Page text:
Change the world


Nelson Mandela University’s George Campus’ COVID-19 compliance efforts and commitment to ensuring that all students are able to complete the academic year were applauded during a ministerial oversight on 27 October 2020.

This follows a visit by the Higher Education and Training, Science and Innovation Deputy Minister, Mr Buti Manamela, and his delegation to the campus as part of a wider oversight visit to Western Cape institutions of higher learning this week.

His experience of the full COVID-19 screening upon entry, tour of the Southern Cape campus’s health facilities, contact learning and teaching venues and some residences was assurance enough that health and safety protocols are firmly in place.

Mr Manamela expressed his appreciation of the various measures in place to ensure COVID-19 compliance, the safe return of students and staff, and how institutions have tapped into their expertise to introduce alternative measures and platforms, while ensuring that no student is left behind.

Addressing members of the Campus management, student leaders, union representatives and campus stakeholders at the lecture theatre, the Deputy Minister gave an overview of the importance of the national oversight visit to inspect, ensure institutional compliance in response to the COVID-19 outbreak, in line with regulations as set by the National Command Council.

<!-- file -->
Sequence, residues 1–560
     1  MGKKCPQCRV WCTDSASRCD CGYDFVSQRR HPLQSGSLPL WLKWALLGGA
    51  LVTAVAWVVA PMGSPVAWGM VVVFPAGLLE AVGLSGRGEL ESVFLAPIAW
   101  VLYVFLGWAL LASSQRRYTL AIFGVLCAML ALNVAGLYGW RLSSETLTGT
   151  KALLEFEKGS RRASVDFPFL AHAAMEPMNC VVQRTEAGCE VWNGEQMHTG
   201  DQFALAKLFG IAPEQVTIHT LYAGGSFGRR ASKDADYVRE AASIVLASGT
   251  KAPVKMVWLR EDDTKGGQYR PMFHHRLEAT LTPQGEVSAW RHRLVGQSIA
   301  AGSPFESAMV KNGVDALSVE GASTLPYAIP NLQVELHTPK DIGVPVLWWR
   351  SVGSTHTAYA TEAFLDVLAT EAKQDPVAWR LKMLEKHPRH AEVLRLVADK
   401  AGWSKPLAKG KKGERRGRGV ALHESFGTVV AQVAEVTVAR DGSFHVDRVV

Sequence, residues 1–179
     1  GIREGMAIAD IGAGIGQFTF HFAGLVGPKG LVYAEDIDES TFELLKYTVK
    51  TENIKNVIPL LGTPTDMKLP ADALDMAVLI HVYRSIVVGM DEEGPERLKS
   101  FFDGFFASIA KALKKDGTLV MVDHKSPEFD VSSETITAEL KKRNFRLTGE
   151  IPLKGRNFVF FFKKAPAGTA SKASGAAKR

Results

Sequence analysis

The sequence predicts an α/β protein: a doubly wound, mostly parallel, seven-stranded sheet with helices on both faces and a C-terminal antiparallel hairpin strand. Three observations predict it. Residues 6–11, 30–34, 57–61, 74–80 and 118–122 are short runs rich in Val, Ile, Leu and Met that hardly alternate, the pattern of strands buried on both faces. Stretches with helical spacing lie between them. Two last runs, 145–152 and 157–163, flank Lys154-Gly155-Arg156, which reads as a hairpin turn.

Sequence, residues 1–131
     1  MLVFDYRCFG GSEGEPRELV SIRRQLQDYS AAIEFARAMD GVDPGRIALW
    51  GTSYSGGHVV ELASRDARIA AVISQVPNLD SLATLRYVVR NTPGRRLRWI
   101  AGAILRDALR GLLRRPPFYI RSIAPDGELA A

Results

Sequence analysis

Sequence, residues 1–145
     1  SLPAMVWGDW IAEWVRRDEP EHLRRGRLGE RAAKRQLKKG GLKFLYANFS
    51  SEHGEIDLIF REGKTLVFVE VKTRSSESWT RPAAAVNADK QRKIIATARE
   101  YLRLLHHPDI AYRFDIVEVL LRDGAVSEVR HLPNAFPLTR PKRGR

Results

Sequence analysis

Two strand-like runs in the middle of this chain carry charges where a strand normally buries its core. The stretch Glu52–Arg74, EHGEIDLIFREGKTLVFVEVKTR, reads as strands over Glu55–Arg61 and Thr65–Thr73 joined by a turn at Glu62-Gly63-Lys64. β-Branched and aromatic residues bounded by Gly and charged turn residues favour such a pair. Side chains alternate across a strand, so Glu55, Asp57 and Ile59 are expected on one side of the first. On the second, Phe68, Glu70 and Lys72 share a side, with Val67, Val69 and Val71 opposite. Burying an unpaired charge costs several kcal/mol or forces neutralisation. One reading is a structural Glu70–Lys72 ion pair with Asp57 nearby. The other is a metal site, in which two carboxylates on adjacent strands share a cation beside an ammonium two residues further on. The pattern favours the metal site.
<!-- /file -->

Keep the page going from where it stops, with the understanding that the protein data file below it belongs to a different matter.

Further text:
“Our interest is to ensure that we save lives and save the academic year. Equally important, we want to be assured that all students, despite the outbreak of the pandemic, have sufficient opportunity to interact and be exposed to all the learning and teaching material before they write the final examinations,” he said.

“All interventions since the outbreak of the virus in March have been intended to save the academic year and to give support to students, staff and universities, so that no one is left behind.”

Core to the oversight visit of the Minster, was the walkabout of the campus, led by the Campus Principal, Dr Kaluke Mawila.  The Deputy Minister had the opportunity to appreciate life on campus as experienced by staff and students.

The visit started off with COVID-19 screening for Mr Manamela and his delegation at the gates. This was followed by a brief tour of our screening facility where all the administration is done. From there, the delegation visited the Campus’s learning and teaching facilities, with a focus on our ICT Student Labs and the Campus Library, which have responded to the pandemic by ensuring all bookings are made electronically.

Dr Mawila shared the Campus’s implementation plan, in line with the University’s overall COVID-19 preparedness strategy. The presentation detailed the return of students as per the various national level directives.

George Campus, under the national Alert Level 1, has invited a further 59 students of its 1 601 enrolled students. This brings the number of students invited to return to campus to 935.

While pleased with the health and safety protocols, as well as the coordinated and collaborative manner in which the University has implemented its COVID-19 strategy, Mr Manamela expressed that the sector was not without challenges, and that these should not hinder the work that has been done by various departments within the sector.

He was particularly impressed with all the support that students were receiving from the University, including the mobilisation of resources, re-allocation of budgets and the focused innovative ways that the institution has responded to the pandemic.